Scott Morrison is under pressure to wind back Covid income support – but it is far too early to be standing on the exit ramp
Obviously, the number is very bad. Australia’s economy contracted by 7% in the June quarter, which is the worst quarterly fall on record, and a million Australians are unemployed.
At the beginning of the pandemic, econocrats were hopeful this would be a V-shaped recovery. Now, nobody has been talking about a V-shaped recovery for some time.
But the point is not the negative number in the gross domestic product column for the June quarter of 2020, even though the number is terrible. The point is the event the number heralds.
Australia has grown for 30 years – an extraordinary run.
But now we’ve joined the recession club.
Recessions are wounds. They leave deep scars. Recessions shape the sensibilities of a generation.
I graduated from university during the downturn in the early 1990s. I lucked out and found a job, but many of my friends struggled. The legacy of recessions is they teach people their economic security is entirely situational – circumstances can change in a heartbeat.
This is a shadow people never entirely throw off, whether they transit through a downturn more or less unscathed, or whether they are part of the cohort of people who lose their jobs and never work again.
Recessions also disrupt politics within nations and between nations. We saw that profound disruption after the global financial crisis, but Australia was shielded from the worst of it, because we avoided the recession that hit much of the rest of the world. But we understand the fundamentals enough to know that Donald Trump made it to the Oval Office to stoke discord in a riven republic, and Britain endured a protracted political crisis about leaving the European Union, which has its roots in economic downturn.
So these are big events. They change the course of history.
Let’s step through some facts. Australia’s economy was weak going into the pandemic, and the pandemic has belted it for six.
This contraction is incredibly sharp, and Wednesday’s national accounts are a window on a country avoiding discretionary spending, and saving, as if their lives depended on it. Consumers are incredibly cautious, and the economy will not rebound until their confidence is restored.
Scott Morrison has chosen to taper income support in September, which was always a risky call given where the economy currently is.
The national accounts reveal the obvious: fiscally speaking, it is too early to be standing on the exit ramp. What’s clearly needed is a growth strategy, and sustained, likely large-scale stimulus, given Covid-19 will be a pandemic with a long tail.
But the prime minister is under pressure from colleagues to wind back support. The prevailing view inside the government is Canberra is bankrolling restrictions imposed by state governments, and that needs to stop.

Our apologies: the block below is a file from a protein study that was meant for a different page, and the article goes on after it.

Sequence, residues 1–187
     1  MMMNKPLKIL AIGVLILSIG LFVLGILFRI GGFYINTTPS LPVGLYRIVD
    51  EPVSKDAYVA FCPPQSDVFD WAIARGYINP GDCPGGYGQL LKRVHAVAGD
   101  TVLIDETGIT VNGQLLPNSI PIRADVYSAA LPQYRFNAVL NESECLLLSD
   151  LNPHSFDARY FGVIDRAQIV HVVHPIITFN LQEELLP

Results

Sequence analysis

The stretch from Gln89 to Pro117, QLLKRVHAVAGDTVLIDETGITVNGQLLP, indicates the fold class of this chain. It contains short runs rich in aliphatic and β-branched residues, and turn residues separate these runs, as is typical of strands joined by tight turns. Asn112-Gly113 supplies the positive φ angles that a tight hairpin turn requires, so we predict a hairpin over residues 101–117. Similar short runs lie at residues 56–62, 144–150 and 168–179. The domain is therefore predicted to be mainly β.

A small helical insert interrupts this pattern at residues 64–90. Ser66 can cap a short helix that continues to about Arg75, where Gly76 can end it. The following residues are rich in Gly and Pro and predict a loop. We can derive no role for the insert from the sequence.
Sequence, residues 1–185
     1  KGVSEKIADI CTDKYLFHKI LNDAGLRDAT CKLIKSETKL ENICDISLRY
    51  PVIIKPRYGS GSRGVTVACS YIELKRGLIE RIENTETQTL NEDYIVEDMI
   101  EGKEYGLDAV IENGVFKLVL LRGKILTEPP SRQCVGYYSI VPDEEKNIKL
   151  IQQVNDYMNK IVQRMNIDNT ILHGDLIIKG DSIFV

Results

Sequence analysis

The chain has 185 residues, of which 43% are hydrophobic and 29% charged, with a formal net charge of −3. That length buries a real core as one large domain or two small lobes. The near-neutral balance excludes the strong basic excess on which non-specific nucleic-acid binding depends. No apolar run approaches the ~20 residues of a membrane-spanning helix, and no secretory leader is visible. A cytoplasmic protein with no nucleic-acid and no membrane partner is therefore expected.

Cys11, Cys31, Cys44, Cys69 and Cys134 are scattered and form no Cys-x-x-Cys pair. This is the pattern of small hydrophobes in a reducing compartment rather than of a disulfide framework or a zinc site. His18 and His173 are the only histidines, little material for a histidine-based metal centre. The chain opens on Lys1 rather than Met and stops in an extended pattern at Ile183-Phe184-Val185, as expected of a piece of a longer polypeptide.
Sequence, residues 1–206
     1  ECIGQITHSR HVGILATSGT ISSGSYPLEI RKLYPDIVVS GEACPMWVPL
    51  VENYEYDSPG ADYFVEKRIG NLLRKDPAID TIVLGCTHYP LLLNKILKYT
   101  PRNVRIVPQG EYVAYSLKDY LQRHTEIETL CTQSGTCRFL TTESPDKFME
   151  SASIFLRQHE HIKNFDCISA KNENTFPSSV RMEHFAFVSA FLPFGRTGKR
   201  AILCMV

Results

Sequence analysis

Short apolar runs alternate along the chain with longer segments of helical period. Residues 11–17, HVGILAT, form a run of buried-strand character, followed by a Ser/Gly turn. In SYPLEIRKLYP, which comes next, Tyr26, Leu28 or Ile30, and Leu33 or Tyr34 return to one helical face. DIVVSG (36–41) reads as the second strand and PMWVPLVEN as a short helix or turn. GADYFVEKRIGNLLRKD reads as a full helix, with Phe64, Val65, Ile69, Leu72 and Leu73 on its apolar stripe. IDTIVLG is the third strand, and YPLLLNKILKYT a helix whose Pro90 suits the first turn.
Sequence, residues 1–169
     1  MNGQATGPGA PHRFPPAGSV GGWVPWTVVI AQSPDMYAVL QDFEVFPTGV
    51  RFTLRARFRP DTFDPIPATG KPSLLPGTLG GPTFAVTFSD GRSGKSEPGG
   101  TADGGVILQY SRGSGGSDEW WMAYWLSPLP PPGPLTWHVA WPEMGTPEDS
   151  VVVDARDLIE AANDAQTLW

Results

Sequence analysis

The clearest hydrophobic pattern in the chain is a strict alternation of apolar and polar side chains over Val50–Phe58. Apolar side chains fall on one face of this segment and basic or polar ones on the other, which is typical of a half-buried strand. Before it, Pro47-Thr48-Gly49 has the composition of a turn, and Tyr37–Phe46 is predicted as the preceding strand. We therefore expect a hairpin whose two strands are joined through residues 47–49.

Morrison has demonstrated during the pandemic he is prepared to do whatever it takes to avoid the worst-case scenario – he’s approached this very profound crisis as a problem solver, not an ideologue. He’s changed the identity of the government in full public view.
But we have now reached a point in the crisis where Morrison is battling several cross-currents, and the problems he faces are not easy to solve.
I said earlier Australia needs a growth strategy and it needs large-scale stimulus to weather this very profound event.
On the first point, it is easy for Liberals to deliver a growth strategy that conforms to their world view. Morrison is working one up for the October budget: entrench the role of fossil fuels in the economy, cut taxes, pursue deregulation, pursue labour market flexibility.
Party like it’s 1985.
But the scale of the economic downturn, both here, and around the world, suggests that deeper thinking will be needed. The environment is strongly suggestive that what’s required to turn things around will be more than reverting, mindlessly, to the orthodoxies that have dominated postwar economic thinking.
Morrison has been able to shape shift to manage the crisis, but a big question remains about whether he can be the leader Australia needs during the recovery.
Katharine Murphy is Guardian Australia’s political editor. She has worked in Canberra’s parliamentary gallery for 15 years. In 2008, she won the Paul Lyneham award for excellence in press gallery journalism, while in 2012 she was a Walkley award finalist in the best digital journalism category.
First published at The Guardian Australia – Thursday 3 September 2020. See; https://www.theguardian.com/business/2020/sep/02/australias-economy-was-already-weak-and-the-coronavirus-pandemic-has-belted-it-into-recession